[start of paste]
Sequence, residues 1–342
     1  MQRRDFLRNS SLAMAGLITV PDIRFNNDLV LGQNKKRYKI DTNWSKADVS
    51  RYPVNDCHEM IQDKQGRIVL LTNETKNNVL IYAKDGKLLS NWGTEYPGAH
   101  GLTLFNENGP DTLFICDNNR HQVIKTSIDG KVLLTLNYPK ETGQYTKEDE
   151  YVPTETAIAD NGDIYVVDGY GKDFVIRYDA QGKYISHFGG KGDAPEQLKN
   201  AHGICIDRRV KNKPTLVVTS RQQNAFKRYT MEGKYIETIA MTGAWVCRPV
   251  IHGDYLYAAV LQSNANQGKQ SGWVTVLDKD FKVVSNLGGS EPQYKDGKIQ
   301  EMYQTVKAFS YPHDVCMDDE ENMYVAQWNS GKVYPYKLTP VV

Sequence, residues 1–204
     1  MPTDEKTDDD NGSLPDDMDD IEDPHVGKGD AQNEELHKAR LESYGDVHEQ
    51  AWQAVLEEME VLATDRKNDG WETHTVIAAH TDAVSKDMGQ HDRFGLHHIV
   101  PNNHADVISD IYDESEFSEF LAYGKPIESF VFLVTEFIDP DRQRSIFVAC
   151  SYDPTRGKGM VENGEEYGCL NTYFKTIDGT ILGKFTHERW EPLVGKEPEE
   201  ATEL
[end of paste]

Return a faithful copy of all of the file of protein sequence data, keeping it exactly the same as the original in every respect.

Sequence, residues 1–342
     1  MQRRDFLRNS SLAMAGLITV PDIRFNNDLV LGQNKKRYKI DTNWSKADVS
    51  RYPVNDCHEM IQDKQGRIVL LTNETKNNVL IYAKDGKLLS NWGTEYPGAH
   101  GLTLFNENGP DTLFICDNNR HQVIKTSIDG KVLLTLNYPK ETGQYTKEDE
   151  YVPTETAIAD NGDIYVVDGY GKDFVIRYDA QGKYISHFGG KGDAPEQLKN
   201  AHGICIDRRV KNKPTLVVTS RQQNAFKRYT MEGKYIETIA MTGAWVCRPV
   251  IHGDYLYAAV LQSNANQGKQ SGWVTVLDKD FKVVSNLGGS EPQYKDGKIQ
   301  EMYQTVKAFS YPHDVCMDDE ENMYVAQWNS GKVYPYKLTP VV

Sequence, residues 1–204
     1  MPTDEKTDDD NGSLPDDMDD IEDPHVGKGD AQNEELHKAR LESYGDVHEQ
    51  AWQAVLEEME VLATDRKNDG WETHTVIAAH TDAVSKDMGQ HDRFGLHHIV
   101  PNNHADVISD IYDESEFSEF LAYGKPIESF VFLVTEFIDP DRQRSIFVAC
   151  SYDPTRGKGM VENGEEYGCL NTYFKTIDGT ILGKFTHERW EPLVGKEPEE
   201  ATEL